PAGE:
JavaScript debugging

What is debugging?

The term "computer bug" was coined by Grace Hopper in 1946, when she discovered that a computer program running on the Mark II machine had a moth trapped in an eletrical relay. The moth was trapped and preserved in the log book.

Generally, a bug is an error or flaw in a computer program that causes the execution to fail.

In JavaScript there are fewer fatal errors. The language is very forgiving of type errors and other things that would cause classical languages to fail.

However, JavaScript programs can fail, and when they do it can be difficult to understand why, in part because other elements of the HTML page, and even other JavaScripts scripts can continue to execture. The web page will still load, so we need to use debugging tools like the Chrome Developer console to find these errors.

The Console

Open the console now:

View > Developer > JavaScript Console





It's easy to create an error. Try typing this:

x + 1

You will see some red text like this:

Uncaught ReferenceError: x is not defined at:1:1

We haven't initalized x with a string or number value, so we can't add a number to it.

How to debug

All programmers encounter bugs in their code and many will spend more time debugging then writing new code. It is a good idea to develop strategies for debugging as you learn programming to save time.

Finding a bug requires a different mindset than writing a program. Instead of writing what you want the computer to do, you need to go back through your code and figure out where it stopped doing what you thought it would. Don't be upset! Everyone gets bugs. If your program suddenly stops rendering, don't get mad and say "It's just not doing anything." Take a step back, maybe go for a quick drink of water or walk around the block, and then look at your code with fresh eyes.

0. Ask yourself:

What did I expect to happen?

What happened instead?

1. Check the console for error messages.

Bugs can be technical problems with your code, like a typo or misspelled method. But they can also be conceptual gaps between what you expect a program to do and how it actually performs. They can also be a combination of the two things. The first thing to do is identify which type of problem you are facing.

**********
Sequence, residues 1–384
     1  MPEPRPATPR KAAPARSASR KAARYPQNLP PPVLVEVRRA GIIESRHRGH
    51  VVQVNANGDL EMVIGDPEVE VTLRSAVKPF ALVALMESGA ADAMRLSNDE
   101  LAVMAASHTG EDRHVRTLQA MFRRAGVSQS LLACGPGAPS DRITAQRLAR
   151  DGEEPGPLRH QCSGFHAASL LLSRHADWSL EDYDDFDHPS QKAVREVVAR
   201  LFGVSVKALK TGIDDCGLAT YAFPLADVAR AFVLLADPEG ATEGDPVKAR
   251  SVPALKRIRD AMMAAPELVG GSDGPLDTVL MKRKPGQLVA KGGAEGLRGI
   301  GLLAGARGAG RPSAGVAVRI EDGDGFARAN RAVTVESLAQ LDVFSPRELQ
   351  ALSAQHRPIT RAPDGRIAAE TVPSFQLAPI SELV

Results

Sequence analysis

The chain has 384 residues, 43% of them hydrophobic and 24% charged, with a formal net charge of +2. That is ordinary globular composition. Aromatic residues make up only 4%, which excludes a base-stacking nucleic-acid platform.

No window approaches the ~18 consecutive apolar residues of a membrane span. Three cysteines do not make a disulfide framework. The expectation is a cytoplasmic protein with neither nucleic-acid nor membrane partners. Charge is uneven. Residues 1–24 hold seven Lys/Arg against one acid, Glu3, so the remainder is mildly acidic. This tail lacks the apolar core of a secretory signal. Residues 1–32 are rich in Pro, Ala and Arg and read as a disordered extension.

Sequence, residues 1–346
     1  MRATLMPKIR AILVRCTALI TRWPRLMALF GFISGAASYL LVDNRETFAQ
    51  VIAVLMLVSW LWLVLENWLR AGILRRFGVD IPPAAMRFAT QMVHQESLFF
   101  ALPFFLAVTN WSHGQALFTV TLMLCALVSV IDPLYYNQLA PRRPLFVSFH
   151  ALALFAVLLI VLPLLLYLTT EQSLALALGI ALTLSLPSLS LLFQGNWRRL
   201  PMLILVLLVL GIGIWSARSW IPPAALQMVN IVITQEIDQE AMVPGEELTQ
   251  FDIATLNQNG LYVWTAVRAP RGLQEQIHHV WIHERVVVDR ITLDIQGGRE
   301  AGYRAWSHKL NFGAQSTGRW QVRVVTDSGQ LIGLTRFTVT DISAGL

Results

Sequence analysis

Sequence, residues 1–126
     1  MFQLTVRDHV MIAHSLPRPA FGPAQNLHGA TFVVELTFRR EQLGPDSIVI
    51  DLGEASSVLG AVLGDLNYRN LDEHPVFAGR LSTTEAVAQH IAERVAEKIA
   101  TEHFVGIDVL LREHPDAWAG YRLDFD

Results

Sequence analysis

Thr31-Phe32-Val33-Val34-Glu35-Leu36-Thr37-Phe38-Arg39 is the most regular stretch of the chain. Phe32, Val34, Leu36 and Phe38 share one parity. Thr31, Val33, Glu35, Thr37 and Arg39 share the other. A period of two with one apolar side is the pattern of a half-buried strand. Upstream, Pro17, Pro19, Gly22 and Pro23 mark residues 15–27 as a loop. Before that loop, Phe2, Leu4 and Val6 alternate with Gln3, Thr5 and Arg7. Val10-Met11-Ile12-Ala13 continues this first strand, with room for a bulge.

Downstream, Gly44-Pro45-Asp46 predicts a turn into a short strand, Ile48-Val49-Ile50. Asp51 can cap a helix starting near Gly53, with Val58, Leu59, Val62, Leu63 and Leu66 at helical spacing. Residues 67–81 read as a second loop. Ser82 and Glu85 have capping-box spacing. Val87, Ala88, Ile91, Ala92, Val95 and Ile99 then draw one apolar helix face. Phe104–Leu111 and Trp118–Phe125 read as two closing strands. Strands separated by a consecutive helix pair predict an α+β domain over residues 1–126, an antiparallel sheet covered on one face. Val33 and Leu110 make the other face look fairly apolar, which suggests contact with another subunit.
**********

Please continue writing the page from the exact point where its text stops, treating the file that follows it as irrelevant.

Read the error and find the line in your sketch where the error happened.

Does the error make sense? What is it asking you to change?

2. If there's no error, test parts of your program.

If something is not running, add a console.log() before and after to see what happens. Test all of your variables in different parts of your program to make sure they are logging what you expect.

Log variables. Does that create an error or maybe log an undefined?

Log anything that you can think to log.

3. Research.

When you log errors that you don't understand, try searching the same error on Google or Stack Overflow. Remember that some parts of your program are not universal. If you error is mySpecialVariable is not defined you won't find other examples with the exact same variable names.

4. Ask a friend.

Once you have tried to figure out the problem on your own, ask a friend sitting near you, a tutor, or me. Sometimes someone who has never read your program before will immediately spot obvious problems that you have missed beacuse you've been staring at it for too long.

5. Take a break.

I can't tell you how many times I've spent like 3 hours debugging something late into the night while getting increasingly frustrated only to give up, go to bed, and wake up and immediately know what I was overlooking, or sit down and figure it out in five minutes.

Like many things in life, programming is best done when your mind is fresh.

Some more guidelines

Don't delete you code! You will need to add some new lines of code to figure out what's behaving incorrectly. Don't undo everything or trash your file. You might lose some useful work.

Make sure you are editing the right file. Try closing Brackets (or your text editor) and reopening to make sure the file you are editing is the same one you are viewing in your browser.

You should have the JavaScript Console open basically all of the time when you are working on a project.

When your code throws error, remember to look at the line number and read through the JavaScript function stack to find where the error originated.


The JavaScript console is an object that let's you interact with your program while it's running. The .log() method is used to write message with strings, numbers and variables, to the web console. You can log as much as you want, but it will impact performance a little, so it's a good idea to remove the console.log() calls from your program when you are done debugging.

var msg = "Hello world!";
var i = 0;
console.log(i, msg);
console.log("my error", i, msg);

Common errors

Error What to look for
SyntaxError syntactically invalid code
look for a missing comma, operator, parenthesis
Reference Error a non-existant variable is references
check for misspelled or undeclared variables
Failed to load resource attempting to load a file that doesn't exist
make sure the file exists and has the correct path
NaN trying to evaluate an expression with a non-number value
console.log() to see what values are not numbers

Debug challenge

When you're done updating the code you're debug sketch should look like this.

Debug example